The recent Covid-19 epidemic in the USA is a tragic cautionary tale. The respiratory disease, for everything we know, is similar to a severe, pandemic flu. The symptoms are similar, and the death rate according to the initial estimate of the Centers for Disease Control is between 0.16% and 0.33% (later estimates don’t provide a unique IFR, but a range of different IFR for different age groups show an extremely strong age gradient after 70 and an exceedingly low death rate for those younger than 40). A comprehensive review of all antibody studies done so far by world-renowned epidemiologist John Ioannidis found that the average death rate of Covid-19 is about 0.27%, with some regional variations.
This is certainly higher than the seasonal flu, but very close to a severe pandemic flu, like the one the world experienced in 1957 and 1968 (without doing anything to “tackle” them). Indeed Dr. Anthony Fauci himself, the President’s principal scientific adviser for epidemics, in co-authorship with Dr. Robert Redfield, director of the Centers for Disease Control, published a paper in the New England Journal of Medicine on March 26th of 2020, saying: “If one assumes that the number of asymptomatic or minimally symptomatic cases is several times as high as the number of reported cases the case fatality rate may be considerably less than 1. This suggests that the overall clinical consequences of COVID-19 may ultimately be more akin to those of a severe seasonal influenza (which has a case fatality rate of approximately 0.1%) or a pandemic influenza (similar to those in 1957 and 1968) rather than a disease similar to Spanish flu, SARS or MERS, which have had case fatality rates of 9% to 10% and 36%, respectively.”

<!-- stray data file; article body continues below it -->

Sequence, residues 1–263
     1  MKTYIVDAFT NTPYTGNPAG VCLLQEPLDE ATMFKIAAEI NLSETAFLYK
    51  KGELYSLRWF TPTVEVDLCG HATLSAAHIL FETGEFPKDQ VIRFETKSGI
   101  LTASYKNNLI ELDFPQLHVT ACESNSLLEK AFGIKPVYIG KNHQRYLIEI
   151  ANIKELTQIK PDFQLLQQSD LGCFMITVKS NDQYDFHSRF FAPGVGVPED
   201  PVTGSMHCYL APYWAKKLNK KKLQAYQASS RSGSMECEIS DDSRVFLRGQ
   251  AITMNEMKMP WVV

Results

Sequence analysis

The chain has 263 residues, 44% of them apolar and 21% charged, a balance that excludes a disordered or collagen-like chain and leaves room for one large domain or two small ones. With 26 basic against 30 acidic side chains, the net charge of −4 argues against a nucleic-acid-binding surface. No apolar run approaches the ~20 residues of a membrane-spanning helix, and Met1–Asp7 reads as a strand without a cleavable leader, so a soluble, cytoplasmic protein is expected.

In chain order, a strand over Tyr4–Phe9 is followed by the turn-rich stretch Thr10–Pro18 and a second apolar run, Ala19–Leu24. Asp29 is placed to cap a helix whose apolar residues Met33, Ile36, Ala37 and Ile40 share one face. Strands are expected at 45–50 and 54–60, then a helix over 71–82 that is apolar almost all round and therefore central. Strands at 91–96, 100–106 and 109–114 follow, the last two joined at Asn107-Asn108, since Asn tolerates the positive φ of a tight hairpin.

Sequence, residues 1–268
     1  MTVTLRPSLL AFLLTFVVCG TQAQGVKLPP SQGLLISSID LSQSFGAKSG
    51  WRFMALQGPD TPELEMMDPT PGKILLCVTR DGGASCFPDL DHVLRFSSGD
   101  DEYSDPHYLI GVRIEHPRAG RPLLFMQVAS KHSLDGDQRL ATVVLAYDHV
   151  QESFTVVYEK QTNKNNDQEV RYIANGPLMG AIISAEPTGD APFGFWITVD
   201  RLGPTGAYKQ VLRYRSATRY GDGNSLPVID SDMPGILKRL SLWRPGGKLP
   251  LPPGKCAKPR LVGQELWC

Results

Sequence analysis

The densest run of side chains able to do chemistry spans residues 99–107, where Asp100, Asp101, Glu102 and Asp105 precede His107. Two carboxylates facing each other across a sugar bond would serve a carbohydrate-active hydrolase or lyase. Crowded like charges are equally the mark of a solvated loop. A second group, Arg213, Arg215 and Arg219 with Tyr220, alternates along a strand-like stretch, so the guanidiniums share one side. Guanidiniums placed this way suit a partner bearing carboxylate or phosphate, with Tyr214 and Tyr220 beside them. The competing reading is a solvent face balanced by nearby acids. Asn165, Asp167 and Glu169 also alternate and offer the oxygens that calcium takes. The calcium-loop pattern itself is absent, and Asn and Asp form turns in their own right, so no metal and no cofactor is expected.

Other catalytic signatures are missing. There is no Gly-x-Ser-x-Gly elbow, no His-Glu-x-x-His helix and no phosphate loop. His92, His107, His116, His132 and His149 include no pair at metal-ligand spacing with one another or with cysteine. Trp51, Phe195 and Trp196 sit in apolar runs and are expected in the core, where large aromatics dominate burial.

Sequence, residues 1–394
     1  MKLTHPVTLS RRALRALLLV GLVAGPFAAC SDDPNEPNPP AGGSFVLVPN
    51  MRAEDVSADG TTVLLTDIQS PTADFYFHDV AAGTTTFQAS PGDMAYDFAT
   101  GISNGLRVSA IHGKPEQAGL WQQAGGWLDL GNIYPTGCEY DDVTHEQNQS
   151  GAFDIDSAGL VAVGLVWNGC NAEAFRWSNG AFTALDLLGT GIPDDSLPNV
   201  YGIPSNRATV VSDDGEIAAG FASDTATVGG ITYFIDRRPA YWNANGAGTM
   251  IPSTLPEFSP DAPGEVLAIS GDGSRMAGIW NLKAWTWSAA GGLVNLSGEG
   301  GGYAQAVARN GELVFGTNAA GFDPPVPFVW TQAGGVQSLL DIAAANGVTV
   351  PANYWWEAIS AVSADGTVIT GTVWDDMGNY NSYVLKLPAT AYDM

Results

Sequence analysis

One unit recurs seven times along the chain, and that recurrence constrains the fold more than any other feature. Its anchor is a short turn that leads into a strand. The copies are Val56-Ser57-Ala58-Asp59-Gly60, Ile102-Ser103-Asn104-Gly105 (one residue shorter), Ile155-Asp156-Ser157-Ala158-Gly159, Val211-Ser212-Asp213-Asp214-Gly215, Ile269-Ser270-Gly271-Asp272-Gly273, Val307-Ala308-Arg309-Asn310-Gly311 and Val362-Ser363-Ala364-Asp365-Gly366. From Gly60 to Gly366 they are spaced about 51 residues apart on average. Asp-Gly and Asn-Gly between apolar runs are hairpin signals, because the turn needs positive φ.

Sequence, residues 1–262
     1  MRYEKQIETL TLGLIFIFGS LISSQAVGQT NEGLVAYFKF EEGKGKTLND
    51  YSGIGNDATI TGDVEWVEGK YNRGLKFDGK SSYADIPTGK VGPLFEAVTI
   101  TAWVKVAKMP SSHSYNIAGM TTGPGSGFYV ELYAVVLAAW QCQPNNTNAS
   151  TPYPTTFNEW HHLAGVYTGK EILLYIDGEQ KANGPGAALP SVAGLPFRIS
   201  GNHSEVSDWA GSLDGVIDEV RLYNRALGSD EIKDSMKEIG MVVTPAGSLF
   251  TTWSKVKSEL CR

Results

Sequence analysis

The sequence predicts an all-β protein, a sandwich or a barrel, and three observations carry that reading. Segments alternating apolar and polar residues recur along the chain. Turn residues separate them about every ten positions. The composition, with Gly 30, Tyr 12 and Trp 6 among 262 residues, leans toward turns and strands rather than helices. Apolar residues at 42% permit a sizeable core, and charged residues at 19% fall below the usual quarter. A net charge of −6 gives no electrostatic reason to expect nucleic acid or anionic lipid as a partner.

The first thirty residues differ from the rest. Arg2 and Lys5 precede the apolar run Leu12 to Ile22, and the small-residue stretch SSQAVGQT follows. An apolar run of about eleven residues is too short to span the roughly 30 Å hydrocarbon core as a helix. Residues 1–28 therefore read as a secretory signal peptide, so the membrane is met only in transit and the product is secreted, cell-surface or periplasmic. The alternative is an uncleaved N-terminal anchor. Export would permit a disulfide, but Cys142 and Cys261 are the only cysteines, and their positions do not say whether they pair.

An overwhelming majority of people who died of Covid were older than 70 and already had other significant ailments like heart disease, diabetes or obesity. Among children and young people the disease is much less severe than seasonal flu. Additionally, children are far less likely to transmit the virus than older people, which is in stark contrast to the flu, where children are the main spreaders and sufferers.
WHICH of the following is the more reasonable approach a society might take in the outbreak of an epidemic?
· To quarantine the sick and take reasonable precautions to stop those who are identified as vulnerable from contracting the illness.
· To attempt to ‘control the virus’ by preventing millions of healthy people from having contact with other healthy people.
To any society before 2020, it would have been obvious that the first approach is not only logical and proportionate, but the one least likely to have other unintended and highly destructive consequences. However, to my continued astonishment, many in our society not only believe that the answer is the second, but they somehow believe it to be based on established science.
With the Covid-19 pandemic, we have seen the problem Coase discussed unfurl at rapid speed. Lockdowns, business closures, and even deaths were justified by politicians as necessary to contain the pandemic. Enterprising economists jumped at the opportunity to use the market failure model to justify said lockdowns: governmental actions were necessary to bring social costs in line with social benefits.
But these justifications contained the very problem Coase discussed 60 years ago: they ignored the steps people were already taking to limit the spread. Indeed, as my AIER colleague Phil Magness has documented numerous times, many of the models (such as the Imperial College model) explicitly refused to take people’s behavior into context. In a new working paper, Abigail Devereaux, Nathan Goodman, Roger Koppl, and I document other such failures of expert advisors. Thus, the predictable result occurred: policy was too onerous even by its own standards and has failed to achieve its goals.